One discipline of writing that is very difficult is developing the invaluable ability to get an unfinished idea down on paper.
It is so tempting (and often automatic) to give in to yourself – your most immediate reader – and start editing as soon as an idea hits the front of your brain. To allow a pure idea all the way through to the paper without any editing is nearly impossible. But it is a rare and treasured thing. For it is not the quality of the expression or the idea that is so important to capture, it is what might come of one word or some other detail in that unfinished, raw scribble.
One reason this aspect of the discipline is difficult is that we have been trained, especially in business, to refine everything before release, and to refine as soon as possible. We are groomed to interrogate a thought or idea as soon as we have it, to strengthen and polish it, and then – only then – allow it to see the light of day. For many of us, this way of working is part of what makes us successful in corporate life. But, such auto-editing is designed to produce quality analytical output, not quality creative output.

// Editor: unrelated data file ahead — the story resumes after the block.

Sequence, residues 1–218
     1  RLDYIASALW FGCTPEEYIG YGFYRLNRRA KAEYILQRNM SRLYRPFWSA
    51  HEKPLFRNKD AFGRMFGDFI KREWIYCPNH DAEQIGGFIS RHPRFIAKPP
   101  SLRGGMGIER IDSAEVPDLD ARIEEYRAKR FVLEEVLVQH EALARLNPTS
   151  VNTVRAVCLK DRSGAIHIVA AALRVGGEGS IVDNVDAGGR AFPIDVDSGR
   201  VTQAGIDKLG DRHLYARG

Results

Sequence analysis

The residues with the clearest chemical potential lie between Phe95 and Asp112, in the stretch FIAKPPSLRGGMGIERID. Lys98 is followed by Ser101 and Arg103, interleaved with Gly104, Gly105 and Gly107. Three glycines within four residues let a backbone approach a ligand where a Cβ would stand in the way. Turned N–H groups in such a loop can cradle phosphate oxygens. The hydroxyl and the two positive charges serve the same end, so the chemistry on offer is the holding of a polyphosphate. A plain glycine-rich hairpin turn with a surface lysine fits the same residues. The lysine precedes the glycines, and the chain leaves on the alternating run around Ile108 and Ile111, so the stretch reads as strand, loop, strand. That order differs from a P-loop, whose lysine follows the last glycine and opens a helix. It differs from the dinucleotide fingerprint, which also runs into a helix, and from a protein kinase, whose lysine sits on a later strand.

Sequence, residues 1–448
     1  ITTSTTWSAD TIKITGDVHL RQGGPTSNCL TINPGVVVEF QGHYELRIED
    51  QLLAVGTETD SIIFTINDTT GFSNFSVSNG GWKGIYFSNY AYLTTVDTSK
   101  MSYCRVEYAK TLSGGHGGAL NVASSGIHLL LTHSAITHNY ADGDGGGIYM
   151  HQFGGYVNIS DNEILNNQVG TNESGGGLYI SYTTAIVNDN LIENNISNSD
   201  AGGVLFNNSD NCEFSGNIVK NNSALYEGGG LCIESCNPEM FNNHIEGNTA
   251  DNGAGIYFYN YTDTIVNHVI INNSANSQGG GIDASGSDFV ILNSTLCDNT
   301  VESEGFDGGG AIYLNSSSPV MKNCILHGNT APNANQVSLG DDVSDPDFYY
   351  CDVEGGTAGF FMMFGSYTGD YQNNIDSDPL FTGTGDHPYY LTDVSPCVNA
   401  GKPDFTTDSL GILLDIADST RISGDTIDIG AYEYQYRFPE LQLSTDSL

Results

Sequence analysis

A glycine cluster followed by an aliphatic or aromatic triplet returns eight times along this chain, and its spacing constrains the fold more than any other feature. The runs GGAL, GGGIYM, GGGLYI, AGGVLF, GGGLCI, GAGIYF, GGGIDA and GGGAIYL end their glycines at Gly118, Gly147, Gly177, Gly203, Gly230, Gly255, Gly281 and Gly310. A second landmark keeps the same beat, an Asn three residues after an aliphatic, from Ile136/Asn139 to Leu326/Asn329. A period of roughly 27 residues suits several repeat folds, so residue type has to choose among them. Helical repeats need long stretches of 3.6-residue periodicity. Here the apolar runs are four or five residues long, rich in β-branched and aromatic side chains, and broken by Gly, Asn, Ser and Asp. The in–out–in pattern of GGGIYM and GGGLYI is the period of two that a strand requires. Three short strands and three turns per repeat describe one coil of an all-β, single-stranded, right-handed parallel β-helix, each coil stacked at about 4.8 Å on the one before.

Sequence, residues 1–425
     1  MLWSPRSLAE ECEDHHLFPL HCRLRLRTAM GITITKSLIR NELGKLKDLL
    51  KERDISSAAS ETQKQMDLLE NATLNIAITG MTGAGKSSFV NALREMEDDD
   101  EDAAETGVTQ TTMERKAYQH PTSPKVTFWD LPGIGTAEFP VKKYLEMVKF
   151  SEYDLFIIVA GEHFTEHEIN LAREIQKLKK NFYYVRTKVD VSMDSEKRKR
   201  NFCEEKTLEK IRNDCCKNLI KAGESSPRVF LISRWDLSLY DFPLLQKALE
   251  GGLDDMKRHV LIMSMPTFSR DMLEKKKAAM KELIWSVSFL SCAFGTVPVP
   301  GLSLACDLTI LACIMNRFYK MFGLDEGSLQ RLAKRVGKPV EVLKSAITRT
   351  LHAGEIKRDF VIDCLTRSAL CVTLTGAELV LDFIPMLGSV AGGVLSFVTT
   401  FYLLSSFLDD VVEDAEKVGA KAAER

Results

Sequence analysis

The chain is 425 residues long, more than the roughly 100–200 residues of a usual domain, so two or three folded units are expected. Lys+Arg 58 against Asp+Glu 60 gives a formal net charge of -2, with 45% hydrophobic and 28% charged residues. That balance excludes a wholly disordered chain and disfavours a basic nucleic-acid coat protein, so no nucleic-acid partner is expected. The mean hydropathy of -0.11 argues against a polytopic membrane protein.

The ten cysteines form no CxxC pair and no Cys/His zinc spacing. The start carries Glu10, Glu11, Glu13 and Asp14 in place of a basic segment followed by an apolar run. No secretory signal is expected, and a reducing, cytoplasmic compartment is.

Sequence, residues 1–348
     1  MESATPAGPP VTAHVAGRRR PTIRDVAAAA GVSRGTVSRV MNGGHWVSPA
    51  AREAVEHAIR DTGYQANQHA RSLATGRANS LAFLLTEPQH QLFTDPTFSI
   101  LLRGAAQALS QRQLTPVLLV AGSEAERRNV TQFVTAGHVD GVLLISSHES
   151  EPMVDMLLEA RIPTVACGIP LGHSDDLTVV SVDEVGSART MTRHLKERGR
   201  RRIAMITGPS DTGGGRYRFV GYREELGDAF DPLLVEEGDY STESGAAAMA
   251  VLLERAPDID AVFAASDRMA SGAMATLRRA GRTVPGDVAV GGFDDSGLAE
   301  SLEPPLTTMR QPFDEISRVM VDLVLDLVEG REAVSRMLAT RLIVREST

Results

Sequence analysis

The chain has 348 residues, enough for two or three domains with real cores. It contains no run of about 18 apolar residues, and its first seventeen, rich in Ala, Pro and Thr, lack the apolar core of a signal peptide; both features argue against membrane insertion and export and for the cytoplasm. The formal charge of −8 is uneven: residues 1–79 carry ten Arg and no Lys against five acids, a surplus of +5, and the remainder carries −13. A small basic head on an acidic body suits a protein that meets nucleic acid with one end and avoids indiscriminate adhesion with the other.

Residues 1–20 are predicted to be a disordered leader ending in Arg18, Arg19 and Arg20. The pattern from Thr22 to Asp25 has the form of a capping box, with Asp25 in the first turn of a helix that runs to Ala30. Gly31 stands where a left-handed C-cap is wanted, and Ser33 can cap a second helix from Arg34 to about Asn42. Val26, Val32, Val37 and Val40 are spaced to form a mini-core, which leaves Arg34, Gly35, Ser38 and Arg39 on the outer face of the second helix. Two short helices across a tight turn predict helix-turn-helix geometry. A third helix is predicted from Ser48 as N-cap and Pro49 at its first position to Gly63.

There are many raw thoughts, raw words, that should not be trimmed back, that are truest without being refined. As we tromp around our creative orchards, it is not about well-trimmed trees and weed-free brambles. It is about spotting the nubs along each branch, recognizing them for what they are, and making space for them to take off. dm